Us and them
I have frequent stomachaches. I’m often in the bathroom. So almost every day, I run into the custodian who is refilling the paper towels or tidying up the sink. And each time I can’t help but wonder, “What is so different about me and you that you have to clean up my mess?” When he walks through the office, no one really takes notice, which is quite different from when someone of more status walks by. It’s really no different than any other place, I guess.
At the end of the day, when I drive to the comforts of my home, I occasionally see him zooming out of the parking lot along side me. I’m guessing he’s driving toward that same sensation. We all go home at the end of the day.
Hierarchy exists in even bees. There are queens, workers, drones, etc., and we always talk about how important each type of bee is to the survival of a colony. Sometimes we even use it as a metaphor for us. Except there’s one factor that we can’t fully seem to understand — a factor Republicans and Democrats, husbands and wives, us and them, can’t quite seem to talk about on the same wave length: dignity. Maybe that’s because we all require different things to retain our dignity. Or maybe it’s because the concept of dignity also requires us to define what humans are — what we need. Abraham Maslow tried to define these things, but it’s only a starting point to talk about what we are.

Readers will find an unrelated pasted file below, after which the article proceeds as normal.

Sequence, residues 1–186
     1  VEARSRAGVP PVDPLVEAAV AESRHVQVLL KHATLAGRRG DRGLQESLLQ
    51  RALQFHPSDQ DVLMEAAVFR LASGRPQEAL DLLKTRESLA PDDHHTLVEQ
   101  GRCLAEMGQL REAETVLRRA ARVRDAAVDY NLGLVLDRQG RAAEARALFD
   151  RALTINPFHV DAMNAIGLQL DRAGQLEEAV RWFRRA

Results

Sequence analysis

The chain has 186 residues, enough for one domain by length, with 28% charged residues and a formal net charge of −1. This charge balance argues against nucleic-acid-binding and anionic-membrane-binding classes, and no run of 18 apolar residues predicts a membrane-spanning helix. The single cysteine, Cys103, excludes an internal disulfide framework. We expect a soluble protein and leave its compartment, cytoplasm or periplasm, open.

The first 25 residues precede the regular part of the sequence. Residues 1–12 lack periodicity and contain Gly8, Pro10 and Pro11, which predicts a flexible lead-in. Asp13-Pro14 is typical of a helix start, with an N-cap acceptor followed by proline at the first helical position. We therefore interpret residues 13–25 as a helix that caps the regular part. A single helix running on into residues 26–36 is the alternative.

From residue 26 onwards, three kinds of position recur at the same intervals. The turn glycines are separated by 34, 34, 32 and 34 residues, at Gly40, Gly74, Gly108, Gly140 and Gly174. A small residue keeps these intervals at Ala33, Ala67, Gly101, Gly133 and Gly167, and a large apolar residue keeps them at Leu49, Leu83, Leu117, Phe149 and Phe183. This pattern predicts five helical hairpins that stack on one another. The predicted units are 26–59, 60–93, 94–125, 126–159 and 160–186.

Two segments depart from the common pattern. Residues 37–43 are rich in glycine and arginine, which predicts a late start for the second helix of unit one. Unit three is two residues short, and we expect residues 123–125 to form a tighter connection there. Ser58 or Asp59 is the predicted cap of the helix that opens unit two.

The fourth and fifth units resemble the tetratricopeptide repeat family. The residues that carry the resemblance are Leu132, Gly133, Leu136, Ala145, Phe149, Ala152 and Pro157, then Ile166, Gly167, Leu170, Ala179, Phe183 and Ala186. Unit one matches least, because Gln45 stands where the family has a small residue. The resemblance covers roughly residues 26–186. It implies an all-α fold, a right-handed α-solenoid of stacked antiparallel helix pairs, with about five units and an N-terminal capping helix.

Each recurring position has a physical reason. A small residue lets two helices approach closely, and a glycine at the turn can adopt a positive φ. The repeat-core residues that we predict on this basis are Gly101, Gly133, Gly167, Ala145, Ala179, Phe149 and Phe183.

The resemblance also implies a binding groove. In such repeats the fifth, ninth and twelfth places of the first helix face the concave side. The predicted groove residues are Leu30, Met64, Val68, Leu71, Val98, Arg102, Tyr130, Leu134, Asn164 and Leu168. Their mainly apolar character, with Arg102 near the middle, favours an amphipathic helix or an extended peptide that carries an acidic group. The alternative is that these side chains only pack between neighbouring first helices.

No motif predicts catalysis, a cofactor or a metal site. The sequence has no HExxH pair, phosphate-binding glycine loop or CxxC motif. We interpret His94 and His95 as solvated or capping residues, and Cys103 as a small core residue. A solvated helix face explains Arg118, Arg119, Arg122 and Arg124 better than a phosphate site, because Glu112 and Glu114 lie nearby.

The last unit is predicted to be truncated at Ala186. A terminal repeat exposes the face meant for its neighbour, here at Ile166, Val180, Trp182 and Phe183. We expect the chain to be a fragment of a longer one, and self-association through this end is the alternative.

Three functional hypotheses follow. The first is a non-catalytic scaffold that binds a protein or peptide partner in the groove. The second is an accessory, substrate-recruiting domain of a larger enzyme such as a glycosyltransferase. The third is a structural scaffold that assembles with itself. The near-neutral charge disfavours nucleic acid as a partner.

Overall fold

Sure, it’s a rabbit hole. But at least we’re going down it together. And in that tunnel, there is no hierarchy or title other than “human.”